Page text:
"How do Conservative principles impact the happiness and prosperity of all Americans?"
by Holly King
To me, it’s always been very simple—very simple to understand and very simple to explain. In order for the wheels of a community to turn and for the people in that community to feel fulfilled, everyone must be accountable for their own actions. Accountability is a trait that no man, no society, and no government can be successful without. Having the self-sufficiency to stand in any situation and take responsibility for your actions is an essential key to happiness and prosperity. One must be allowed to work hard, and reap the benefits of that work. One must also fully embrace the consequences of their irresponsible actions and grow from them. It’s easy to speak of faith, but it’s truly fulfilling to have faith in the knowledge that you can stand on your own two feet, regardless of your previous stumbles.
The more self-sufficient citizens become, the more they prosper. And the more they prosper, the more they feel a desire to help others. Involuntary collectivism takes away the opportunity for a flourishing, loving community to develop. People are innately good, however government abuse of that is wrong. No one should be told that they must love their neighbor. They should be able to choose to love them and to support them in their own way and time. The most genuine kind of happiness comes from completely selfless acts; to strip someone of the opportunity to be selfless is callous. All efficient things in government and in everyday communities are fueled by cooperation and passion. When government takes that accountability away from its constituents, it starts a deprivation of compassion that will root itself into society and will deprive us of our innate goodness, more and more with each passing day.
The United States was formed on the principal of accountability. Founding Fathers knew that the journey and process of independence would be anything but smooth, but they also knew that if you wanted something, you had to work for it. If you messed something up, you had to fix it. We have only come this far as a country because of the work those behind us have put in; we can only see so far because we are standing on the shoulders of past laborers. It’s crucial to the United States’ sustainability that we don’t forget the lessons of history or overlook the teachings of our forefathers. We must take responsibility for our past and present actions, in order to move forward and remain the commanding power that we are.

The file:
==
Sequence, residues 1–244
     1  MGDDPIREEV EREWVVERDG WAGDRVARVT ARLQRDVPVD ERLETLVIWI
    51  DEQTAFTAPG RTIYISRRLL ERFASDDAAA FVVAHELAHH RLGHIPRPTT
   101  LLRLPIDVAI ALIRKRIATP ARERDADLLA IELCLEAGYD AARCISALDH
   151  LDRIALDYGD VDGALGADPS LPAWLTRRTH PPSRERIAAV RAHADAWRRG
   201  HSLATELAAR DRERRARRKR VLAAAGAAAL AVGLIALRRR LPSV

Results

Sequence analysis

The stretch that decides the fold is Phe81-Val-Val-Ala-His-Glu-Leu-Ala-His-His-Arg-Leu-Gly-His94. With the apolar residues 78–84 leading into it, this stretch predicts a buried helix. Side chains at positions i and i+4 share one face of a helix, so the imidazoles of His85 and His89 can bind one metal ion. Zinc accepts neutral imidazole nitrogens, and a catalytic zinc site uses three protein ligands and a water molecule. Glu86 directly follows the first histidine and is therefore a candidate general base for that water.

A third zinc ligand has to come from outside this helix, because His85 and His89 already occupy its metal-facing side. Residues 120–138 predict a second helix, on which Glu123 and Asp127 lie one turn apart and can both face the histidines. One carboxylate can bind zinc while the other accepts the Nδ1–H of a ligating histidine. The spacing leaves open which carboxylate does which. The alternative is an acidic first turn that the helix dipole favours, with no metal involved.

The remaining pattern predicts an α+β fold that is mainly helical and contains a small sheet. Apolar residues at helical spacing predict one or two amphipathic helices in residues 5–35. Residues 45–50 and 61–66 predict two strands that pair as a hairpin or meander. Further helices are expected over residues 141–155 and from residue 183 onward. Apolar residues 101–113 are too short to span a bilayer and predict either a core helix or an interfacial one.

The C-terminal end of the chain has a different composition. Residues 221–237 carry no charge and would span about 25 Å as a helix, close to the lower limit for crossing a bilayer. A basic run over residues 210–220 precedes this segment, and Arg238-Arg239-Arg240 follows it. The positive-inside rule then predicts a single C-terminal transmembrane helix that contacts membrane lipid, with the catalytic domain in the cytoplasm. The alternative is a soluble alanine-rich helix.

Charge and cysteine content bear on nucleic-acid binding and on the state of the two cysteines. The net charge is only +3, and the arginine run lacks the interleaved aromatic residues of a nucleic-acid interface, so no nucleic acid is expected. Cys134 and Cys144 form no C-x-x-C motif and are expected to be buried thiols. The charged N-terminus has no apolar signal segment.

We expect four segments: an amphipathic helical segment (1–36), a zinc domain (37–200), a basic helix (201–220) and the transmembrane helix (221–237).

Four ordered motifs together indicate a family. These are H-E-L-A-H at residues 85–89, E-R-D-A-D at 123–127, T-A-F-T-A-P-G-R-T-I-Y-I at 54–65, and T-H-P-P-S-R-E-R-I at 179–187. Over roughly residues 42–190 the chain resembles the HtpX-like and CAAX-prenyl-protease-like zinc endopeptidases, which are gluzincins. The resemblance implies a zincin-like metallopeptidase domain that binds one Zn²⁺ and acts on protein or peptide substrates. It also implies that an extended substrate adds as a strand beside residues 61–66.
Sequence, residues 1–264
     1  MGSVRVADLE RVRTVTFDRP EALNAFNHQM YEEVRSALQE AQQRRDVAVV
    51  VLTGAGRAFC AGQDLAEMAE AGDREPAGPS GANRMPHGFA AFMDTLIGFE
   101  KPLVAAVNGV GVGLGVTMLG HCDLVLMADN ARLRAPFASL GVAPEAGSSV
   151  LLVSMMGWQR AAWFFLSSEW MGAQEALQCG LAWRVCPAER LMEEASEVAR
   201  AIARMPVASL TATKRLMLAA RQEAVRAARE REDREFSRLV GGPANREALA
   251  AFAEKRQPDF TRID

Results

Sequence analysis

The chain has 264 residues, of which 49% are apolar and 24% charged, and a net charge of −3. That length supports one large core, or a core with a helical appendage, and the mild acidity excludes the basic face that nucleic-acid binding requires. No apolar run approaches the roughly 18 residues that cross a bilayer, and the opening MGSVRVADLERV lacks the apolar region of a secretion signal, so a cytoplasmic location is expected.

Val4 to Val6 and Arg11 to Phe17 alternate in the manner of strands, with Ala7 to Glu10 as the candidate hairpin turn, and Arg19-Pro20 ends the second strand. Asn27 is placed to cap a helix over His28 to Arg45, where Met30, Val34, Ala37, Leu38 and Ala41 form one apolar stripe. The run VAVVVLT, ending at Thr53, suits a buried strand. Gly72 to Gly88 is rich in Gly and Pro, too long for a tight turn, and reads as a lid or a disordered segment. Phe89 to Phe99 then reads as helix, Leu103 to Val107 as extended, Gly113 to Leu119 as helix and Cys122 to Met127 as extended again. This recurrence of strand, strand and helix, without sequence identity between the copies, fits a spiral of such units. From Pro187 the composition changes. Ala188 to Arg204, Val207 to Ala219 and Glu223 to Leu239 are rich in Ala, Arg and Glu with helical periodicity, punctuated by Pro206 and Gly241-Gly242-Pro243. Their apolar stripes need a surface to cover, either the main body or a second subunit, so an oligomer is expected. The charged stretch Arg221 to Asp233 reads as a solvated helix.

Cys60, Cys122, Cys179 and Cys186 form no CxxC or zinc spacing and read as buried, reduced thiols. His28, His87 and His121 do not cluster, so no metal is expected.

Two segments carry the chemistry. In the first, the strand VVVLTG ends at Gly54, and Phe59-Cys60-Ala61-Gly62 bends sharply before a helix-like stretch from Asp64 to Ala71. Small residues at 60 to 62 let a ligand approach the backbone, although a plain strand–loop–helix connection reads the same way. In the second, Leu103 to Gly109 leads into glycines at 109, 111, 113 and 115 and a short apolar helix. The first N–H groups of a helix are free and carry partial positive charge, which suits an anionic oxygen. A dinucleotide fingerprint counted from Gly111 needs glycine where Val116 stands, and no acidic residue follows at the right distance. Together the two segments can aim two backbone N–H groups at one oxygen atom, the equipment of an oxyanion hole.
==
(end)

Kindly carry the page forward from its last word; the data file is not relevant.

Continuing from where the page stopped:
Twelve years before Ronald Reagan was elected President of the United States, he said, “We must reject the idea that every time a law is broken, society is guilty rather than the lawbreaker. It is time to restore to the American precept that each individual is accountable for his actions.” Those words ring true now just as much as they did then. What you mark down as your political affiliation will never matter as much as the practice of taking responsibility for your actions. No amount of laws or legal obligation for mandated service or mandated aid will ever mean as much as true service and true camaraderie for your fellow human beings. Every person must stand up and embrace their right to accountability. Praise it. Rejoice in it.
Three years after his presidency, at the Republican National Convention, Reagan said, “America’s best days are yet to come. Our proudest moments are yet to be. Our most glorious achievements are just ahead.” Again, words that rang true then and now. As long as human beings cling to their right for accountability, good will prevail and The United States will always have their best days to look forward to.